Australia’s largest renewable energy operator is planning major investments in massive wind farms in New South Wales, and is also looking at a handful of big battery and other storage projects.
Powering Australia Renewables on Monday completed the takeover of Tilt Renewables’ Australian assets, delivering it a 50 per cent boost in operating wind and solar farm capacity and a development portfolio of more than 2.2GW.
CEO Geoff Dutaillis expects the first major investment decision – on the 396MW Rye Park project north of Yass in NSW – to occur within the next month or two, given that the project already has a deal with Newcrest Mines to take much of the output.
Rye Park will be the biggest in NSW to date, but an ever bigger project – the 1.3GW Liverpool Plains wind farm in New England – could follow, and will also likely include a hybrid element such as solar and storage.
“We’re keen to get (Rye Park) over the line,” Dutaillis told the latest edition of RenewEconomy’s Energy Insiders podcast
“It’s no secret that New South Wales is an attractive region within the National Electricity Market,” given the need to replace the state’s ageing coal fleet and the state government’s renewable infrastructure roadmap.
“We don’t necessarily need the roadmap to get Liverpool across the line, but it gives us optionality to bring it forward in a different way and make it bigger.
“We are very focused on it not just being in a big wind farm. We need to get storage and flexibility capability into the portfolio.”
PowAR is also considering its first move into Western Australia, with the 108MW Waddi wind and solar farm, and it has a 410MW wind project at Palmer, about 50kms east of Adelaide in South Australia that it is also looking to get across the line.
Dutaillis says storage is also a key focus. “We want to move into supplying firm green electrons at a cost competitive price. So that brings with it the need to get storage into the portfolio, we need to get flexibility capability in portfolio.”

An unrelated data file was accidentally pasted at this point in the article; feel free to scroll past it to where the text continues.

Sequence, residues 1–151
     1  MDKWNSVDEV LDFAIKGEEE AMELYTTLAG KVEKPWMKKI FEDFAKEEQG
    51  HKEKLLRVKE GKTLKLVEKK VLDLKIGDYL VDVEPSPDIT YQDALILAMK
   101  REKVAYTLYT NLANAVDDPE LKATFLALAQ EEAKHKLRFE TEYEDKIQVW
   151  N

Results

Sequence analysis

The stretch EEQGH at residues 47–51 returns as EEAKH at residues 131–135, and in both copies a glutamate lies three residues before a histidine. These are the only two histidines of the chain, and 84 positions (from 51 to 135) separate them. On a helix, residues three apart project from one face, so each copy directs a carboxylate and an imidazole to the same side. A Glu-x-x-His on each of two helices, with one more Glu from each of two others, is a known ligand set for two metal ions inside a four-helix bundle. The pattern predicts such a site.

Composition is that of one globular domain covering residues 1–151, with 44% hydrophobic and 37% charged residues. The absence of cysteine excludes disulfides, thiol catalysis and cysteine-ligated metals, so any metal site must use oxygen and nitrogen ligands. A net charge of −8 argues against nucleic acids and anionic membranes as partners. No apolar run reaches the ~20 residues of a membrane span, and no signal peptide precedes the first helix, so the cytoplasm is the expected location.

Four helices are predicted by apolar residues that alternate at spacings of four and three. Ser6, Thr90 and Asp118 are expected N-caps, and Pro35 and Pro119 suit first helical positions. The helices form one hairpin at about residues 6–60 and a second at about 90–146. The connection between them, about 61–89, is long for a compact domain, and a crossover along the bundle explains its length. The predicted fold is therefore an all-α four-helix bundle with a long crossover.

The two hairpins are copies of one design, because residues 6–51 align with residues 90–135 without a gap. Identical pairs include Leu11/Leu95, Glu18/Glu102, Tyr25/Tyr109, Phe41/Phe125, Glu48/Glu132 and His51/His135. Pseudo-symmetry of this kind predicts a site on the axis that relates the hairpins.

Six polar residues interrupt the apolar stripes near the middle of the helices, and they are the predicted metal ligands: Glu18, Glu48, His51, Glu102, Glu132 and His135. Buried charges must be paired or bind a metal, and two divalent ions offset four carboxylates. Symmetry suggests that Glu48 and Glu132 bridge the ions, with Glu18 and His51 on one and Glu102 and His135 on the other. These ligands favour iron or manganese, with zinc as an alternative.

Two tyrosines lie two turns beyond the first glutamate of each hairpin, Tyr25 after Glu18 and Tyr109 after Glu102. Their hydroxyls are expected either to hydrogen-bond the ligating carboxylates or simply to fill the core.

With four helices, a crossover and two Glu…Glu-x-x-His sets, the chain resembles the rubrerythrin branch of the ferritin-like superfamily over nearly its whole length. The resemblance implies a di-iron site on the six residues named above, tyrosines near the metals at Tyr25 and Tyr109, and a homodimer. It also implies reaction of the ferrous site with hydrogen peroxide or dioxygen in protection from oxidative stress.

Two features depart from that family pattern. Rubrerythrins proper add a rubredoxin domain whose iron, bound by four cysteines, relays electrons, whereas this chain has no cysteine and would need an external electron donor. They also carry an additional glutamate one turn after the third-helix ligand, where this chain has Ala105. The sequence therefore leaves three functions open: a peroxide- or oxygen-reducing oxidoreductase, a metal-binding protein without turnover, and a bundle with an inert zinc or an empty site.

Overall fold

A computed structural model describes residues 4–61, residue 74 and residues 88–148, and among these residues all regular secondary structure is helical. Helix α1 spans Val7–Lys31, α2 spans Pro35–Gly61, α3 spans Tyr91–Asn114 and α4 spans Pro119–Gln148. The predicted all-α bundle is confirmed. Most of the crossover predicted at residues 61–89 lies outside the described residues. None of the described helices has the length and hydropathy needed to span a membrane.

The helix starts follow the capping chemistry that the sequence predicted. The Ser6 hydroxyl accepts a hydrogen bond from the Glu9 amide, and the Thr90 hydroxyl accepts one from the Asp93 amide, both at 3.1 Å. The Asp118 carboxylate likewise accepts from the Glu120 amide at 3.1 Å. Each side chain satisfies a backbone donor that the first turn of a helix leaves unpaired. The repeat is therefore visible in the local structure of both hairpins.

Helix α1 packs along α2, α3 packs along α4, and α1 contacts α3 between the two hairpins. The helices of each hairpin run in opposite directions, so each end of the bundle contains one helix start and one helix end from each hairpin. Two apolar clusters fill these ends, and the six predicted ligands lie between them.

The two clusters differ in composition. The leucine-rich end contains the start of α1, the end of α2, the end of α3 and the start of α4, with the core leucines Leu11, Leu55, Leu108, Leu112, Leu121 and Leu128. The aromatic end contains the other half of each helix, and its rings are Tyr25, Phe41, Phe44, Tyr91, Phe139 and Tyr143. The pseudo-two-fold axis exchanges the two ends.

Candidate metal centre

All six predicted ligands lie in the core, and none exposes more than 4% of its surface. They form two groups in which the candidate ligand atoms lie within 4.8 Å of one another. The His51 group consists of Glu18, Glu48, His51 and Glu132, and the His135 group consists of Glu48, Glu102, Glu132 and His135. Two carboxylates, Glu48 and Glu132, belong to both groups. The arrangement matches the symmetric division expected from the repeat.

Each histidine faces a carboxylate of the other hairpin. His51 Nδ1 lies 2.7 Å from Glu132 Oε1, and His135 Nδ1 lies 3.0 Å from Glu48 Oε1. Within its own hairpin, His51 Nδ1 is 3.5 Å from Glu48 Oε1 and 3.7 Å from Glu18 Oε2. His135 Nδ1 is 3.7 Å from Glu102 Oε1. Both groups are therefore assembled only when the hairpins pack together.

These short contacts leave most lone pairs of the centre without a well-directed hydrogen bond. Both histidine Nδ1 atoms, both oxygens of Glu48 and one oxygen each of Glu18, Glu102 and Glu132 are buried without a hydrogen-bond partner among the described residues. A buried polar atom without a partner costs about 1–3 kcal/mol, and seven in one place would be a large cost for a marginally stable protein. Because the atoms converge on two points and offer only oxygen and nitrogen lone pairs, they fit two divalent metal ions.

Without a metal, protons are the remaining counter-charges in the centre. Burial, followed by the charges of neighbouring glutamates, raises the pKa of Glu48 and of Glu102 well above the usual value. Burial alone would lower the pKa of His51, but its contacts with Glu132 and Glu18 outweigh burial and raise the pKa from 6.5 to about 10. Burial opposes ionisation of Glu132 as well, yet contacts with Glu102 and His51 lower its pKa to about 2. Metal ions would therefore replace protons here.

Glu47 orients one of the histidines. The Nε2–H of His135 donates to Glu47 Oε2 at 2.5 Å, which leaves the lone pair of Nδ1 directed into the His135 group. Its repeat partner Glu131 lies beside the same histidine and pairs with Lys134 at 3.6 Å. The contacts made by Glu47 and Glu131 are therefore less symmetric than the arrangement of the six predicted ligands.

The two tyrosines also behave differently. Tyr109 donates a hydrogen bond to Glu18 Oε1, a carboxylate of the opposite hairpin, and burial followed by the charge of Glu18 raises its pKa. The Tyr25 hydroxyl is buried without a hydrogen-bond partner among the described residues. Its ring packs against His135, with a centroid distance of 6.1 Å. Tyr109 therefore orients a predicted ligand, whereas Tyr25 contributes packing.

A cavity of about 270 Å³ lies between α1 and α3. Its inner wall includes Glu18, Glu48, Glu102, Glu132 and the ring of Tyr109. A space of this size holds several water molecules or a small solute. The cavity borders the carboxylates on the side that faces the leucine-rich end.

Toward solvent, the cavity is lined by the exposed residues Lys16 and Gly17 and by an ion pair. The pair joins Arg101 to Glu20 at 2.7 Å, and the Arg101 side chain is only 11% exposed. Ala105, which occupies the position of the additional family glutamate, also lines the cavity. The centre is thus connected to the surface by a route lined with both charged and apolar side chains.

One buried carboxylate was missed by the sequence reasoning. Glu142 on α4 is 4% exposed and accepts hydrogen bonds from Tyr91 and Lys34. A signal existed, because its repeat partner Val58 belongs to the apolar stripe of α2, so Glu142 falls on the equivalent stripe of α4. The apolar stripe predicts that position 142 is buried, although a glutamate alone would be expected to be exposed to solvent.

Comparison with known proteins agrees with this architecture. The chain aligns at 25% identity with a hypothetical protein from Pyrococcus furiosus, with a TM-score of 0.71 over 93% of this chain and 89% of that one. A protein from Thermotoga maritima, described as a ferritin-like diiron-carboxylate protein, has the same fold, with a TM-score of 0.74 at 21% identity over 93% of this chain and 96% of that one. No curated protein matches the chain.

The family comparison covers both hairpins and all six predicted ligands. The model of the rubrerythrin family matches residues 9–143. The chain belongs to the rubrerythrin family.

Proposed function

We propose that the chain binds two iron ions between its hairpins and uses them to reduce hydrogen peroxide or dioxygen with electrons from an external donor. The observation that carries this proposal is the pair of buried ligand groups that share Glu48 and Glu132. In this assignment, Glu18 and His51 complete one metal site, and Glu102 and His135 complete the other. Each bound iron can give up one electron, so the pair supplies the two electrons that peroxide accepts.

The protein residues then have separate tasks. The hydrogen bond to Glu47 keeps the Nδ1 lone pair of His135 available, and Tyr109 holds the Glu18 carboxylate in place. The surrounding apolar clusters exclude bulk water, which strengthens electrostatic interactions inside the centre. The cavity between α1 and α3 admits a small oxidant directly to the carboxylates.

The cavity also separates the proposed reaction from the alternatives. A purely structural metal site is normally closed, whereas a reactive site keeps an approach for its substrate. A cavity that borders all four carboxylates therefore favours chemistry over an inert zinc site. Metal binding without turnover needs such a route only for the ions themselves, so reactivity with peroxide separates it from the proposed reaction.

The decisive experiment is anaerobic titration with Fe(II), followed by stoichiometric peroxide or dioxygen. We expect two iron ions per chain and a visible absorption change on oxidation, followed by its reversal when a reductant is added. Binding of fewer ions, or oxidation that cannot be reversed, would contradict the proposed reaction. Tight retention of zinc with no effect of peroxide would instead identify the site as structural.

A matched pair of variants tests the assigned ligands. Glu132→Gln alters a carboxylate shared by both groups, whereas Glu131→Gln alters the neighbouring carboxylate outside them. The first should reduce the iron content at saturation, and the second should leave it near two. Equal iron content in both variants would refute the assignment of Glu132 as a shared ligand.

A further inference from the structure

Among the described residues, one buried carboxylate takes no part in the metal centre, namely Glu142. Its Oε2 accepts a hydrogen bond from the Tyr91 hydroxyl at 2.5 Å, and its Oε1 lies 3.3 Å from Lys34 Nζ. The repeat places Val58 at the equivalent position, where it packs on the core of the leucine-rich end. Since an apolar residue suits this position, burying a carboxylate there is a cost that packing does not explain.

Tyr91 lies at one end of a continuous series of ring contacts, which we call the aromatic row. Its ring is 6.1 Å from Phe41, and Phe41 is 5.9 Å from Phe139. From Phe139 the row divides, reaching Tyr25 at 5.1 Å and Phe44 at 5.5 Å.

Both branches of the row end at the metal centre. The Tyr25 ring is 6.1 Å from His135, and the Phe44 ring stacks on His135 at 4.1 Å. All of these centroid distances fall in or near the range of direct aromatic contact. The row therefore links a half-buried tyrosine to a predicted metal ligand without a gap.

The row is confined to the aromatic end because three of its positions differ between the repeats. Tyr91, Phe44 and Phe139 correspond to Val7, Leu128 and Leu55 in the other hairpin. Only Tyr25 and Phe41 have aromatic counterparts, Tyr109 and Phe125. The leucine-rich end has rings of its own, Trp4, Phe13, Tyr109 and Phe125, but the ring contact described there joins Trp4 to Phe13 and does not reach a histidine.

Potential battery storage investments include a range of battery storage possibilities in Victoria, and in Queensland next to the Coopers Gap wind farm, as well as at Liverpool Plains.
However, a proposed “behind-the-meter” battery next to the Snowtown wind farm in South Australia is on the back burner because the market rules make it too complex and difficult to be competitive.
But PowAR is also looking at tapping into other storage technologies, including solar thermal and compressed air storage that is currently subject to regulatory investment test at Broken Hill, and could help support its Broken Hill solar farm and Silverton wind farm, both of which have been held back by the limitations of the transmission network at various times.
PowAR is 40 per cent owned by 40 per cent owned by the Queensland Investment Corporation and 40 per cent by the Fund, and AGL owns a 20 per cent stake.
Its operation assets also include the country’s biggest operating wind facility, at Coopers Gap in Queensland (working up to 453MW), and from Tilt it also gets the 336MW Dundonnell wind project in Victoria, which is also working to full capacity.
Dutaillis said PowAR shared the renewable energy industry’s concerns about the proposals included in the Energy Security Board’s redesign of market rules, particularly the introduction of “capacity” markets that have been championed by federal energy minister Angus Taylor.
“We’re already seeing that the development of renewable projects in this country has stalled,” Dutaillis said.
“The evidence speaks for itself. In Q1 2021 just one project of 400 megawatts reached financial close. And I’m pretty certain that the data that comes out next week from Clean Energy Council will be close to zero megawatts being financially committed.
“That’s the lowest since before 2016. So that kind of tells you that these all of these hits that the industry is taking a dent in investor confidence.”
Transmission and connections were also a key issue, and needed new links to be built and the connections process to be improved.
“One of my really big concerns, from a system perspective, is that we’re not going to get there quick enough with that transmission and the new renewables (needed) to replace the coal retiring coal fleet,” Dutaillis said.